Wednesday, October 11, 2017

Book Review: 'The Masque of Marilyn' by Matthew Hittinger


The New York poet Matthew Hittinger is now in that realm of `important poets of our time'. The publications of his poems increases every year and his works appear in important poetry collections of the highest order. One reason for Hittinger's ever growing popularity is the fact that he experiments with new visual presentations of his words as well as exploring new avenues of thought - fantasies admixed with reality, humanistic themes married to mythological tradition, re-visiting dead poets and artists and finding new pathways to make them come alive in the present time. THE MASQUE OF MARILYN, the title of this newest collection published by GOSS183 Publishing House, graced with cover art by Matthew and Didi Menendez, is a collage of poems that addresses Marilyn Monroe, but not biographically – rather the influence the goddess of Hollywood created. Or as the poet’s description states, ‘through poems, dream logs, and dramatic monologues, these works conjure a kaleidoscopic pageant of voices—from Marlene Dietrich to Mae West, Montgomery Clift to Maila Nurmi to Norma Jean herself—to reimagine the Marilyn Monroe icon.’ And as Hittinger continues to grow and enjoy wide publication in many journals and anthologies his sophistication of the manner in which he honors words as thoughts grows. His other books include THE EROTIC POSTULATE, SKIN SHIFT, PEAR SLIP, and NARCISSUS RESISTS.

SOME LIKE IT HOT
We sneak into the dubbing studio, snap
headphones and queue the scene, wait

for the screen to countdown and cue me.
I repeat the subtitled words, time our lips:

Tell me, who runs up that flag – your wife?
You star opposite, Tony Curtis

in disguise. No, my flag steward. I pucker:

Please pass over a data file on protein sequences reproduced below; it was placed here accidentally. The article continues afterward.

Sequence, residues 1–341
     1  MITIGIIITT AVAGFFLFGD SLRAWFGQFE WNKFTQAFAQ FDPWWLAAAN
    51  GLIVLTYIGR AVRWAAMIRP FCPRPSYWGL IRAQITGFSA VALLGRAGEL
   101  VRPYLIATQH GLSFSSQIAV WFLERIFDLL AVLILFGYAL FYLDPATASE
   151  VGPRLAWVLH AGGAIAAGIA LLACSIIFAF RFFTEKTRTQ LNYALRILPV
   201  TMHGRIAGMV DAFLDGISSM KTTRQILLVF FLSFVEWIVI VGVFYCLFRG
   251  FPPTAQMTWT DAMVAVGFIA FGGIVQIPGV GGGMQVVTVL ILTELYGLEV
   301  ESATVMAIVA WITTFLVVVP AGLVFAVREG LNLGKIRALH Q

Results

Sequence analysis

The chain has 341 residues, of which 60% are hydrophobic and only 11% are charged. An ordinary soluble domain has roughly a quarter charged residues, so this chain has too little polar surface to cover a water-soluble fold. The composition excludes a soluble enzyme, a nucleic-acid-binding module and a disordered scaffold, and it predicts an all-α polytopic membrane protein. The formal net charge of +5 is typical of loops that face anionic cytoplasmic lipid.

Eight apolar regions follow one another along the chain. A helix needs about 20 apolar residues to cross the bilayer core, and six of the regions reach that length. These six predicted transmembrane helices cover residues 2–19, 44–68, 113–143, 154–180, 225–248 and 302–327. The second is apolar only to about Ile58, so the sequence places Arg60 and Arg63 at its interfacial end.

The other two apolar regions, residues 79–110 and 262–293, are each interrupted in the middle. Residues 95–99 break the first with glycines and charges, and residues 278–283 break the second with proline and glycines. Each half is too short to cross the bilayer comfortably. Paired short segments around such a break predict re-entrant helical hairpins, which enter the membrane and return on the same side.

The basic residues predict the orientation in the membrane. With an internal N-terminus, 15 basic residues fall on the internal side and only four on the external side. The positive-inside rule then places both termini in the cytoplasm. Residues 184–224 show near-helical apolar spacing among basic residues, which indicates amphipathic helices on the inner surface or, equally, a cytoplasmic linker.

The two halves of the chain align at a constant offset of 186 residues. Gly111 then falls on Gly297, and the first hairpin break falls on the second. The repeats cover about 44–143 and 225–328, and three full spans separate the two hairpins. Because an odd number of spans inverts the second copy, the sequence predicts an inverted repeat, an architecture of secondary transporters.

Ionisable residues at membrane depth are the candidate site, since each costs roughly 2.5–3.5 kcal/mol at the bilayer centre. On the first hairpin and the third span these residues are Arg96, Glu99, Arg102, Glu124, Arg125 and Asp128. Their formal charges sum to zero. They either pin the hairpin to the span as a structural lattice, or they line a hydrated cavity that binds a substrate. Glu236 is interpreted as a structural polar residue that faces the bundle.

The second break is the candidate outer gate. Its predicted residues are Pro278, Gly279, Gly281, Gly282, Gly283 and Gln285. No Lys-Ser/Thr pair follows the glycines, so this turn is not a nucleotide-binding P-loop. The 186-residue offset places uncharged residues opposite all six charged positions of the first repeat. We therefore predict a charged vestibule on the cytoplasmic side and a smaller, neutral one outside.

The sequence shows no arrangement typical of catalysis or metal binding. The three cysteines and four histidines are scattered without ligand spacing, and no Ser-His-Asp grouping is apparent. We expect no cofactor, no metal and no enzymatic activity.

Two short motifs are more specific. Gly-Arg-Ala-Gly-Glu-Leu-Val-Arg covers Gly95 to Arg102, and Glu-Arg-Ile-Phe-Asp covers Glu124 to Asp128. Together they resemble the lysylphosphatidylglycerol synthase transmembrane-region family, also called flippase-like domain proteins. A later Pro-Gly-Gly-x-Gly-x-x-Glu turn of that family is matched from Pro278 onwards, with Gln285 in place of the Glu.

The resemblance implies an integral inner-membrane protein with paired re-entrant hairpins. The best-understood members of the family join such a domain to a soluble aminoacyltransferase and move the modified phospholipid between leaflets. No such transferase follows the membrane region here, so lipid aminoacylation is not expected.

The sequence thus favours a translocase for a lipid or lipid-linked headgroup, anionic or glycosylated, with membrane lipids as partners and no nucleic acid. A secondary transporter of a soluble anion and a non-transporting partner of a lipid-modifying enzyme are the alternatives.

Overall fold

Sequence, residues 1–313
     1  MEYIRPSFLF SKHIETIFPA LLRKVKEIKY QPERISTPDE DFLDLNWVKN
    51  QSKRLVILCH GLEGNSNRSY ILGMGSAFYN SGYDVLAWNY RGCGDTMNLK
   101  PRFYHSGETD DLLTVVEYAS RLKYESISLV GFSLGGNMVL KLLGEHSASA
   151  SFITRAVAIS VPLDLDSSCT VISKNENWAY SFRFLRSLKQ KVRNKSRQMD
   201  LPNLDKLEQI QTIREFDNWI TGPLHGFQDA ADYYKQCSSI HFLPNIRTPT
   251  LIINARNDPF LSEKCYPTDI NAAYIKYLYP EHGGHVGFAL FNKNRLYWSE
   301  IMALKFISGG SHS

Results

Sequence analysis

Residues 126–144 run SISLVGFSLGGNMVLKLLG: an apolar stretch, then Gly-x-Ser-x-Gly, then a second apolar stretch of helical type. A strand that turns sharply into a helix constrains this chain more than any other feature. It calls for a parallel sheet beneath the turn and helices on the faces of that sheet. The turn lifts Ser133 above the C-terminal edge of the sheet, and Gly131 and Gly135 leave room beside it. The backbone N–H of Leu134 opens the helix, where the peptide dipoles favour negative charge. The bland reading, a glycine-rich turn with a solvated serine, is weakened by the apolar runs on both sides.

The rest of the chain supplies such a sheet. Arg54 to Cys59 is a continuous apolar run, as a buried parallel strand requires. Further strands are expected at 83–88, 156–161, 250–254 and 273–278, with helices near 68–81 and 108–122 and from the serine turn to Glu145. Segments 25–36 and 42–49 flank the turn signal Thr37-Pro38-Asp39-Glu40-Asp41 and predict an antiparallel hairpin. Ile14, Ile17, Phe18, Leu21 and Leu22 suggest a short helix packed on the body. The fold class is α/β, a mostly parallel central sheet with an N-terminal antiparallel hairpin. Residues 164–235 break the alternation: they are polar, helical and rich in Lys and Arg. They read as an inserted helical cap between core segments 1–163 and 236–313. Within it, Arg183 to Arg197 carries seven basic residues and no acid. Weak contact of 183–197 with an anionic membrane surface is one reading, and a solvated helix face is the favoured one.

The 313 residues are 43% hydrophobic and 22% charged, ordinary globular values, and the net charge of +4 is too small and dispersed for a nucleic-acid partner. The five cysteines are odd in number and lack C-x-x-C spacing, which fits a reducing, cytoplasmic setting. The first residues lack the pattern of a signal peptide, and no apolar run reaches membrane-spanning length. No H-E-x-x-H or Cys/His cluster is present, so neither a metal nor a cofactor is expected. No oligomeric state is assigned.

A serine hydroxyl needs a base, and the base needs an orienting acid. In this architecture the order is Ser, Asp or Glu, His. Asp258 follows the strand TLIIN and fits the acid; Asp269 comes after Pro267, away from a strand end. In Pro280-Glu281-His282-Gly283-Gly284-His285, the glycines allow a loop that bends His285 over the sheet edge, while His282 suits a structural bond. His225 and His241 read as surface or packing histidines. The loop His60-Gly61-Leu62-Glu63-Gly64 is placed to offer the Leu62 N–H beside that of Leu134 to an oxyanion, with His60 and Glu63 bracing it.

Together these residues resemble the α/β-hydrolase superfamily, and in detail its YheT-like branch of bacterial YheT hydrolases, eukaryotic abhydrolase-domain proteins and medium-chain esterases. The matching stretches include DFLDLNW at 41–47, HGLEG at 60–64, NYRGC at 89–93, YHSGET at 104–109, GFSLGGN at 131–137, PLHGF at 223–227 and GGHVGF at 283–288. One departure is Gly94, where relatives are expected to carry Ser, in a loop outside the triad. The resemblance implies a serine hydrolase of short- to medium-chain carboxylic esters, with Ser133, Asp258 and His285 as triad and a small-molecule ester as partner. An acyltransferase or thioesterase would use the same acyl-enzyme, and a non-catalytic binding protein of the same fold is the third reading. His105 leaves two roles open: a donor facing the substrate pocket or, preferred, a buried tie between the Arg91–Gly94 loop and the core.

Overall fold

And who mixes the cocktails – your wife?

We’ve drawn a crowd at the observation
window. No, my cocktail steward. Look,

if you’re not interested in whether I’m married
or not – I stifle a giggle: I’m not interested

at all. You adjust your imaginary fedora.
Well, I’m not. I say my last line and we hit

play. Marilyn’s mouth opens and my voice
blooms form her bosom, perfectly in sync

to a shaky Tony Curtis take. We laugh
as or last lines repeat in the booth: I’m not

interested at all. Waiting for the beat – Well,
I’m not – is key. That’s VERY interesting.

Attempting to share the magic of Matthew’s superlative book with a single work is like plucking off one pearl from a strand – without the whole strand the spheres are just beads. Read him cover to cover and re-discover Marilyn Monroe. Grady Harp, October 17
I received a free copy of this book and volunteered to review it









Editor's note: This review has been published with the permission of Grady Harp. Like what you read? Subscribe to the SFRB's free daily email notice so you can be up-to-date on our latest articles. Scroll up this page to the sign-up field on your right.

No comments:

Post a Comment